Returning to FIG. 2, by resting the optical fibers 206 on the top side 222 of the first support member 214 which defines a single plane, the thickness 218 (i.e., height) of the first support member 214 establishes a height of the fiber array 206 above the base 210. Therefore, the ability to control the thickness of the first support member 214 determines whether the optical device achieves the tolerance requirements for controlling the height of the optical fibers 206. Advantageously, the first support member 214 (without grooves) may be manufactured with better thickness tolerance than a support member with grooves. Therefore, the height of the fiber array 206 of the optical device 200 may be controlled with greater accuracy over optical devices having a support member with grooves at the bottom (i.e., in the first support member 214). The first support member 214 may include materials such as pyrex glass, silicon, or other semiconductors and, in certain embodiments, have a thickness tolerance of ±5 microns.

Moreover, the thickness 218 of the first support member 214 may be selected or manufactured in an attempt to closely match the height, above the base 210, of the core 306 of the optical fiber 206 and the center of the silicon waveguide 204. With the waveguides 204 and 206 substantially aligned (e.g., within a predefined tolerance), an optical signal being transferred between the waveguides 204 and 206 passes through the lens 202 disposed between the waveguides 204, 206. As shown, the lens 202 is disposed, at least in part, above the photonic chip 208 such that a portion of the silicon photonic chip 208 is between the lens 202 and the base 210. In one embodiment, the lens 202 is coupled to the photonic chip 208 using a third adhesive material. The third adhesive material may be the same, or different than the first and second adhesive materials 212 and 216.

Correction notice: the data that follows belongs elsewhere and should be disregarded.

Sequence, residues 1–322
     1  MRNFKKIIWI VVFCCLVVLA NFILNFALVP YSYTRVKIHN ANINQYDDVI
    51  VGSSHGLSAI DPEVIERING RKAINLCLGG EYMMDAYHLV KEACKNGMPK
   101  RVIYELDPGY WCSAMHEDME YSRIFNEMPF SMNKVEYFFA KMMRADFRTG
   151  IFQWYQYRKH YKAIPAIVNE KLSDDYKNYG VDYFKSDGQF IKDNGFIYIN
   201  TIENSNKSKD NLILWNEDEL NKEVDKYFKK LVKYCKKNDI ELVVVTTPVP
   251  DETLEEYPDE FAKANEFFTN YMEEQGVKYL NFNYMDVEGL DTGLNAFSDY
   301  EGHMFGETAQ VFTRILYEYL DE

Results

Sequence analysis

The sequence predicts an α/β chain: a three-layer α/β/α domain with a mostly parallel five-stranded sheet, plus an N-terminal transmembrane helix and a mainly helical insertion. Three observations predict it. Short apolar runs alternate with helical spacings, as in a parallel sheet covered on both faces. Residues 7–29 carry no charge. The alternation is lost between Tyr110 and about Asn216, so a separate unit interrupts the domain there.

In certain embodiments, the first support member 214 is made from a material having a thermal expansion coefficient that substantially matches a thermal expansion coefficient of the silicon-photonic integrated circuit 208. By matching the thermal expansion coefficients of the first support member 214 that supports the fiber array 206, and the silicon-photonic integrated circuit 208 having the silicon waveguide 204, a reduction in coupling efficiency of an optical signal between the waveguides 204 and 206 as result of changes in temperature may be avoided. With matching thermal expansion coefficients, any change in position of the silicon waveguide 204 caused by a change in temperature (e.g., temperature of the optical device) may also be experienced in the same manner by the optic fiber 206, therefore, maintaining alignment between waveguides 204 and 206. Non-limiting examples of embodiments where the thermal expansion coefficients for the photonic chip 208 and the first support member 214 match include forming the photonic chip 208 and the first support member 214 from the same material (e.g., silicon) or forming the photonic chip 208 primarily from silicon (or silicon dioxide) and the first supporting member 214 from a glass material such as pyrex glass.

Disposing the lens 202 between the waveguides 204 and 206 may provide several advantages. For example, the lens 202 may be used to match an optical mode between the silicon waveguide 204 and the optical fiber 206. Moreover, the position and angle of the lens may be adjusted to align (e.g., fine tune the alignment) of light (e.g., optical signal) being transferred between the waveguides 204 and 206. For example, the position and angle of the lens 202 may be actively aligned such that an optical signal transmitted by silicon waveguide is received by the core 306 of the optic fiber 206, and vice versa.

As illustrated in FIG. 4, the optical device 400 includes a dual lens array 402 having a first lens 404 and a second lens 406. The first lens 404 may be aligned to collimate an optical signal (i.e., light) received from the silicon waveguide 204 which is transferred to the second lens 406. The second lens 406 may then de-collimate the optical signal such that the optical signal is focused or directed towards the core of the optic fiber 206. In certain embodiments, an optical signal may be transferred from the optical fiber 206 to the silicon waveguide 204 in a similar manner.